The second article involves the recent “Ban Bossy” campaign — featuring the comments of a author Jonah Goldberg, who I’m sure would agree is equally knowlegable discussing Edmund Burke, Adam Smith, or Foghorn Leghorn — and who also draws from personal experience.
“…It seems patently untrue that a) Bossiness is the same thing as “leadership,” b) That bossiness is a gender-specific issue for kids, c) That girls are falling behind in leadership nationally or in schools. Some of my views are based on the fact that I am the father of a little girl and some of it is based on informed common sense…”
And questions the premise that girls are disproportionately disadvantaged in the first place:
“In every conceivable way women are doing better and better. Sheryl Sandberg is herself proof of that. No rational or objective person believes that things aren’t getting better for women in the workplace or the executive suite.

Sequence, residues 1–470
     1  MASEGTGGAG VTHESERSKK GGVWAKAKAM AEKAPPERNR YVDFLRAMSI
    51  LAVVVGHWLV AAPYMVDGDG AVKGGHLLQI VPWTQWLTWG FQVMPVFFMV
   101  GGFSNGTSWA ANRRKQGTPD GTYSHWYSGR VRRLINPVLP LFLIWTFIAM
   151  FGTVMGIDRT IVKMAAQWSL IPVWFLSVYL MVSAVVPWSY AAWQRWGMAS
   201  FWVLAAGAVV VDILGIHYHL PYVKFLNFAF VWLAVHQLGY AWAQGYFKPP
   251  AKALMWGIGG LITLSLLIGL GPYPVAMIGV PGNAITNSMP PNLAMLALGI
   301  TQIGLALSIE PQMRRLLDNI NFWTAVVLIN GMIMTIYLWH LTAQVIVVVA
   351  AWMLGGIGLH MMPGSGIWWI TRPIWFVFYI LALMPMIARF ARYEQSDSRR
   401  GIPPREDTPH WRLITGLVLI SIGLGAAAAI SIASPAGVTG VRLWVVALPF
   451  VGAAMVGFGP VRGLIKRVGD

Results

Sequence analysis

This is either a misguided exercise, with the well-intended aim of illustrating complex economic theory, or a refreshingly inventive way to combine pop culture and economics. I can’t tell, I’m inclined to think it’s the latter. It’s definitely worth a look. Personally, I think Adam Smith would have approved.
Longwood University music teacher Chris Kjorness writes:
It has been 50 years since the Beatles arrived in the United States, forever altering the landscape of popular music. But contrary to the general notion that the mop-tops hopped off a plane in 1964 and were just so talented and lovable that they took the states by storm, the Beatles’ conquering of America was actually the result of a long and complex struggle. It was the end result of the actions of numerous people acting in their own interests, with little knowledge of or concern about what the other was up to.